Can recreating black holes in the lab solve the puzzles of space-time?

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Ruby Fresson

GERMAIN ROUSSEAUX owns what looks like a very long and very narrow fish tank, minus the fish. At the bottom, in the middle, is a plastic ramp. When he switches on the apparatus, waves sweep along the tank and pass over the ramp, speeding up as they do so. This, he says, is a black hole.

Well, not a black hole in the common sense. Not a star-gobbling pit in the fabric of space-time. Rousseaux’s experiment at the Institut Pprime in Poitiers, France, is a physical model of how the immense gravity of black holes can suck in waves – conventionally light waves, but in this case water waves – so they can’t escape.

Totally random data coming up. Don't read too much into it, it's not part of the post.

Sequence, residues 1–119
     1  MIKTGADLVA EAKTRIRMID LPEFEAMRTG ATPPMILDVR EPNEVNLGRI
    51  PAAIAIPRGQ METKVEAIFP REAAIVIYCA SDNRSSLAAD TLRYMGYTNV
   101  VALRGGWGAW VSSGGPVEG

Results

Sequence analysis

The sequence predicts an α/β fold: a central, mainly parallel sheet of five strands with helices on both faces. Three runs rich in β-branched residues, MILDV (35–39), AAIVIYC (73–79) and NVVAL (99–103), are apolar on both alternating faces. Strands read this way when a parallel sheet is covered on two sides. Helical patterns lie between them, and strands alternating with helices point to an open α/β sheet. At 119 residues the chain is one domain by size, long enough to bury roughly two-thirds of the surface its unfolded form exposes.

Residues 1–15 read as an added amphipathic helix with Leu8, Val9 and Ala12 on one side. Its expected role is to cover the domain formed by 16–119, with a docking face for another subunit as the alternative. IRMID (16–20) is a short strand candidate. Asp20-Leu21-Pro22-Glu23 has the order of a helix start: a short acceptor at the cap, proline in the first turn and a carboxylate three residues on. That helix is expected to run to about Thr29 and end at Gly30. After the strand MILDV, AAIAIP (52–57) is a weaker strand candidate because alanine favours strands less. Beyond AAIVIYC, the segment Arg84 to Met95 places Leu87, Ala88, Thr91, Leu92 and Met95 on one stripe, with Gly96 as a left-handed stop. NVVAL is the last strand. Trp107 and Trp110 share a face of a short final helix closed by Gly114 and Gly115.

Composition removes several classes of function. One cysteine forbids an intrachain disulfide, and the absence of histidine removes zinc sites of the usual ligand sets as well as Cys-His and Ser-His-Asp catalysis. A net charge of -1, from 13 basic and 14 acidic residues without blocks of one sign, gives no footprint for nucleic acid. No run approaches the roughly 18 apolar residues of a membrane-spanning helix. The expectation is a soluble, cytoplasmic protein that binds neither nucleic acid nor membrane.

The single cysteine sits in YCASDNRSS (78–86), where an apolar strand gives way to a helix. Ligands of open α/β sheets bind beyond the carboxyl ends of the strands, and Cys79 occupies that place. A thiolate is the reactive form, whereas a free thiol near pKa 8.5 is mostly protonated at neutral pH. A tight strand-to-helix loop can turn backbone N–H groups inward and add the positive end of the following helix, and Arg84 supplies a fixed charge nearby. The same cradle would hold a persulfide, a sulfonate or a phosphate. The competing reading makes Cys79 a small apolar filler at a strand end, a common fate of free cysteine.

It is what is known in the trade as a “gravity analogue”, and it is far from the only one. Over the past 15 years, researchers have created dozens of these tabletop models – despite the mutterings of many theorists, who are sceptical that such simple experiments can tell us anything about the universe’s most darkly mysterious objects.

Yet some researchers have begun to simulate more and more aspects of the universe, including even the entire infant cosmos. Now, some of them believe the models are giving us insights into the deepest nature of reality. There is even a suggestion that the speed of light, that hallowed constant of physics, might not be fixed after all. “Applying insights from these models would imply a radical shift in view,” says Rousseaux. But can we really rely on tanks of liquid to solve the mysteries of how the universe works?

One thing is for certain: there are many such mysteries …

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